For over fifteen years, my artwork has been created using one material, Vietnamese traditional handmade Do paper. For more than a decade, I have used this paper to create sculptural installations (which is a departure from the traditional use of Do paper in Vietnamese art). Traditionally, Do paper is used in the creation of Dong Ho paintings, a type of wood cut print. My artwork is a challenge this Vietnamese art making tradition. This is a significant innovation as it offers a new way forward for Do paper as art making material. As the traditional use of Do paper becomes a relic of the past, we must in order to preserve the tradition of Do paper making, find new uses and methods for utilizing this material.
Repetition is an important part of my art making process. All of my work, to varying degrees, is made up of multiples of a single form, sometimes with as many as one thousand multiplied objects making up the whole. For example, my work Dictionaries incorporates one thousand versions of the same sculptural form. Since my works are hand made, this repetition has certain implications. The repetition, while similar to a factory process in method, amplifies the unique qualities of the handmade. We observe the incalculable differences between each copy, and the variation between them become as important as the similarity.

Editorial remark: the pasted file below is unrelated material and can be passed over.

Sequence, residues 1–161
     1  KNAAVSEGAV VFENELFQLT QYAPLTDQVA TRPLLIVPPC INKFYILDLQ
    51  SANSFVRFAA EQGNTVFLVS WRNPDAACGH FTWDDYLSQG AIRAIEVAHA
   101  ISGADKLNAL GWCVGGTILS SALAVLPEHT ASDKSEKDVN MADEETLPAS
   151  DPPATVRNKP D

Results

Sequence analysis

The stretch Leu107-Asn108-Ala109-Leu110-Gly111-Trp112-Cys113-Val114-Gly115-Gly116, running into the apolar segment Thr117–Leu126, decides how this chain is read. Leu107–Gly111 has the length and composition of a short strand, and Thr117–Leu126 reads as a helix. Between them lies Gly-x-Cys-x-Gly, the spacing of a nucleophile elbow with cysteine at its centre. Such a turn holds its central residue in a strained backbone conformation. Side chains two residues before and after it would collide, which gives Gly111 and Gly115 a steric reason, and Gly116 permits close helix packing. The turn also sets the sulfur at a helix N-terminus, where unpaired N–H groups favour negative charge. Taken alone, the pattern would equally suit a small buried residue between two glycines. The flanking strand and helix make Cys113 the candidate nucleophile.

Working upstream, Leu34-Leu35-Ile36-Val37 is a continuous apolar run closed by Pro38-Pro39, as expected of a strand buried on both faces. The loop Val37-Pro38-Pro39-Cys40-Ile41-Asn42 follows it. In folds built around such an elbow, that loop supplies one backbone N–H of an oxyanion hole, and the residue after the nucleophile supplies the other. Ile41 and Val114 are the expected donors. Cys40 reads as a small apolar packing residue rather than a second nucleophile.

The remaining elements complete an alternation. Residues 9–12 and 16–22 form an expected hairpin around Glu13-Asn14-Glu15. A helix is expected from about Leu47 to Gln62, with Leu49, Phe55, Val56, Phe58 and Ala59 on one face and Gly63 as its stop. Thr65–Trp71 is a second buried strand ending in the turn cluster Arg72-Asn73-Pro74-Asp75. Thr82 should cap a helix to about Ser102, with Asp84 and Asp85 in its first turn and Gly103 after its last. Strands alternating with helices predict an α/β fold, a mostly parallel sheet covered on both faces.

Time also plays a fundamental role in my art making process. With each new work, I reinvent the way I use Do paper. When looking at my works, one will see that same material appears to be different each time. This is due to a process involves experimentation when time becomes a very important ingredient in the reinventing process. For example, Birds appear to look like stone while Dictionaries look like terra-cotta.
Over the years, I have been using other materials to support, but Do paper is always the main material in my work. Working with Do paper offers me a way to; meet my material needs, engage with my culture, and collaborate with nature, equally.